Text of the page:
Meet This Entrepreneur Who Grew Her Business With Pop-Up Markets

As entrepreneurs look to grow their businesses, one major hurdle is the fact that getting the real estate to work...

By Ryan Velez

As entrepreneurs look to grow their businesses, one major hurdle is the fact that getting the real estate to work in can be very difficult, especially if one is already behind the 8-ball financially. This is part of the reason why pop-up markets are increasingly growing in popularity as a means to boost profits while reaching new audiences. Black Enterprise recently sat down with Selma Idris, CEO of The Brown Crayon Project and a veteran vendor of pop-up shops like The Black Owned Market, to talk about how these temporary spaces have helped her businesses.

The Brown Crayon Project is more than a simple beauty company. “We provide parents and caregivers with soulful, safe, and effective products to combat everyday kid things like dry skin, eczema, dry hair, and tangled locks. What makes The Brown Crayon Project unique is our commitment to nurture and nourish the ego of children of the diaspora. Both our products and messaging focus on enhancing (not altering) the beauty of our children. We work with physicians, families, scientists, authors, children, artists, museums, and community organizations to craft, deliver, and promote products and messaging that positively impact the physical and emotional health of our kids,” Idris explains.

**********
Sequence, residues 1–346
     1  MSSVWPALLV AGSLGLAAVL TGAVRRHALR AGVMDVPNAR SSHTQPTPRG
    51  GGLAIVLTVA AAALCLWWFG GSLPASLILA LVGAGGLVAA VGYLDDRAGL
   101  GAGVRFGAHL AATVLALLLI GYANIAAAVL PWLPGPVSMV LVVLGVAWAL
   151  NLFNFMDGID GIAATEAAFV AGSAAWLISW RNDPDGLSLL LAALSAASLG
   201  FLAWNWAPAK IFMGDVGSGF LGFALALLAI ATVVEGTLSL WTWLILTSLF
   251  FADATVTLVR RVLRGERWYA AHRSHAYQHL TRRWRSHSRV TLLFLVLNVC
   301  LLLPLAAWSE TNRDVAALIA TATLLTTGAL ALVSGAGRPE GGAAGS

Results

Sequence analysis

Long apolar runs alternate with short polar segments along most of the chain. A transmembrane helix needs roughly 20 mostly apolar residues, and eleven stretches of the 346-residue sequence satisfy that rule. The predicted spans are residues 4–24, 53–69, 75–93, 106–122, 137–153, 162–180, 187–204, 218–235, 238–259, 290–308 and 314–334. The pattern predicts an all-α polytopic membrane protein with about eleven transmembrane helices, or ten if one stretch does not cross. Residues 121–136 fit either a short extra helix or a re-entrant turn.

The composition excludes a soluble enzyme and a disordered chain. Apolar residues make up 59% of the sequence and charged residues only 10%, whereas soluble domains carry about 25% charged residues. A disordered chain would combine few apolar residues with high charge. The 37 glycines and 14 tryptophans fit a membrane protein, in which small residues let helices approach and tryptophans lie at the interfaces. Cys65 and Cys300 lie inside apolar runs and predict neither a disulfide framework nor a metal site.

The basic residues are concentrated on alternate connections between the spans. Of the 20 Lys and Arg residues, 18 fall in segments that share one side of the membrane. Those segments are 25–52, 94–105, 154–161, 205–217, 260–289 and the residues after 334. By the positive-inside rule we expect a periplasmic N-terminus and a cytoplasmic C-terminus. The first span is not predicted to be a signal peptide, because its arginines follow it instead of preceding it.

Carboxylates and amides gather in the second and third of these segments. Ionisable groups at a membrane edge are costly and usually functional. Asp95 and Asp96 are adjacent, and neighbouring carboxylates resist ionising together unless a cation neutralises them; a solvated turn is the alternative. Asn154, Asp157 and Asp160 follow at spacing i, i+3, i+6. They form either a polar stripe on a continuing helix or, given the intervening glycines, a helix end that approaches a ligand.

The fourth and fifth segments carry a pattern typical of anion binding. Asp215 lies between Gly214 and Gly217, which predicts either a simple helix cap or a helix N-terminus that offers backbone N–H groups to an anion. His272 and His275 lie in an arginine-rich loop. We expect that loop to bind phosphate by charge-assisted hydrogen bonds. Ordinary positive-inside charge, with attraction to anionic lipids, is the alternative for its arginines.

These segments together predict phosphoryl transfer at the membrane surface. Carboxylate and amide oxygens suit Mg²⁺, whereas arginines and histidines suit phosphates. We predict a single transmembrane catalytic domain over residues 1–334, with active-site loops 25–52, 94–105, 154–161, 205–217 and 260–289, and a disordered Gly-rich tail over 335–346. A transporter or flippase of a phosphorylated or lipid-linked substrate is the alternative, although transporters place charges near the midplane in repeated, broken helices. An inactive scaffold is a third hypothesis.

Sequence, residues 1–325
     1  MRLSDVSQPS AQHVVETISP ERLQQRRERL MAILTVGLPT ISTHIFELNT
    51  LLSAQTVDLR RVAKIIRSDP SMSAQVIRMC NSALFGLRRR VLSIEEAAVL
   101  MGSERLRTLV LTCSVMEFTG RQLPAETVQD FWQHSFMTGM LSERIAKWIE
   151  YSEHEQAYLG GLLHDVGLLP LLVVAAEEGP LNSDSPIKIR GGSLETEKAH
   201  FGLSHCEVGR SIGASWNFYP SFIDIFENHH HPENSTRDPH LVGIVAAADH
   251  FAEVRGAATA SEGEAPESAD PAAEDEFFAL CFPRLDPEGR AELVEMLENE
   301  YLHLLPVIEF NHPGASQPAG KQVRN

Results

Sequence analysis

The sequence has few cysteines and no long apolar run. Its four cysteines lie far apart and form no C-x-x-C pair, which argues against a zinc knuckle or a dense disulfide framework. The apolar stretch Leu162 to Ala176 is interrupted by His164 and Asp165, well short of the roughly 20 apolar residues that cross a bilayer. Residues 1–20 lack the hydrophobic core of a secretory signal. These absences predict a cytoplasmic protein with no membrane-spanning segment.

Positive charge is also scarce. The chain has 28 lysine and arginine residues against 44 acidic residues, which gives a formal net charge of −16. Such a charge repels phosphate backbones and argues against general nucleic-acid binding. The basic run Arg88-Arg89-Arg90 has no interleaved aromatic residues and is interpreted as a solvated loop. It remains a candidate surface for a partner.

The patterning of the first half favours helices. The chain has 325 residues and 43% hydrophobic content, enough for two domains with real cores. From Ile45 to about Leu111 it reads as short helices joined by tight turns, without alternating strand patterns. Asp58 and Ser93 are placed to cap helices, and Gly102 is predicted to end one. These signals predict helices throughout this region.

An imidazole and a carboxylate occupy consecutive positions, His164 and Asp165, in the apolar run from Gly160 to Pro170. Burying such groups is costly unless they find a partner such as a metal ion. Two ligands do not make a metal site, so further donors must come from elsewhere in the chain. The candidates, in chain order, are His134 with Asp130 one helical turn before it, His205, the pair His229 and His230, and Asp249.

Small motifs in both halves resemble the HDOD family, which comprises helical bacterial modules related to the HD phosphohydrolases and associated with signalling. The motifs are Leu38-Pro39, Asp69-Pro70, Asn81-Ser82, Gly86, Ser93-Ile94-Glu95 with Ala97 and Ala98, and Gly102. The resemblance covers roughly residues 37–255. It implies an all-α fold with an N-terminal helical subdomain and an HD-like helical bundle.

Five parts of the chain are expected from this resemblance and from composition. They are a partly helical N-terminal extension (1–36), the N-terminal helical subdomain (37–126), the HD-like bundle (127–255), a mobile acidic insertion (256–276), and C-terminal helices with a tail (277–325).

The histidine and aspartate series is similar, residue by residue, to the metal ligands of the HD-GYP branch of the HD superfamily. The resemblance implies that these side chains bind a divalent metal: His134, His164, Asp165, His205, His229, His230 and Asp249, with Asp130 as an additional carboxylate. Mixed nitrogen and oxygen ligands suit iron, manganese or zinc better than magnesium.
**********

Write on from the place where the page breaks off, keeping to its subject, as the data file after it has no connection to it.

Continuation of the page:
It was her second year of business when Idris started using pop-up shops to her benefit. “We spent our first year making sure we built a system that can thrive under the pressure and demands that retail presents while accumulating the leverage necessary to seek more favorable terms with retailers and distributors. My background is in verbal and visual identity development and I’ve seen a lot of folks fail when they went retail. That experience has made me cautious. With the availability of fast, low-cost, automated fulfillment, we are able to sell directly to our customers and take our growth into our own hands a bit.

But nothing can replace human interaction. Shops like The Black-Owned Market (BOM) allow small businesses like mine the opportunity to speak directly to our customers, answer questions, listen to feedback, hear personal stories and see facial expressions and real-time reactions to our products. I file it all under market research and consumer-testing activities that my former and much larger clients spent beaucoup money on. In addition to research, press, and lovely visits from loyal customers, pop-up shops have proven to be an invaluable, grass-roots way to establish the presence of our brand and garner the necessary customer recognition, support, and loyalty, aka leverage, to help negotiate favorable retail terms and ensure the brand’s success.”

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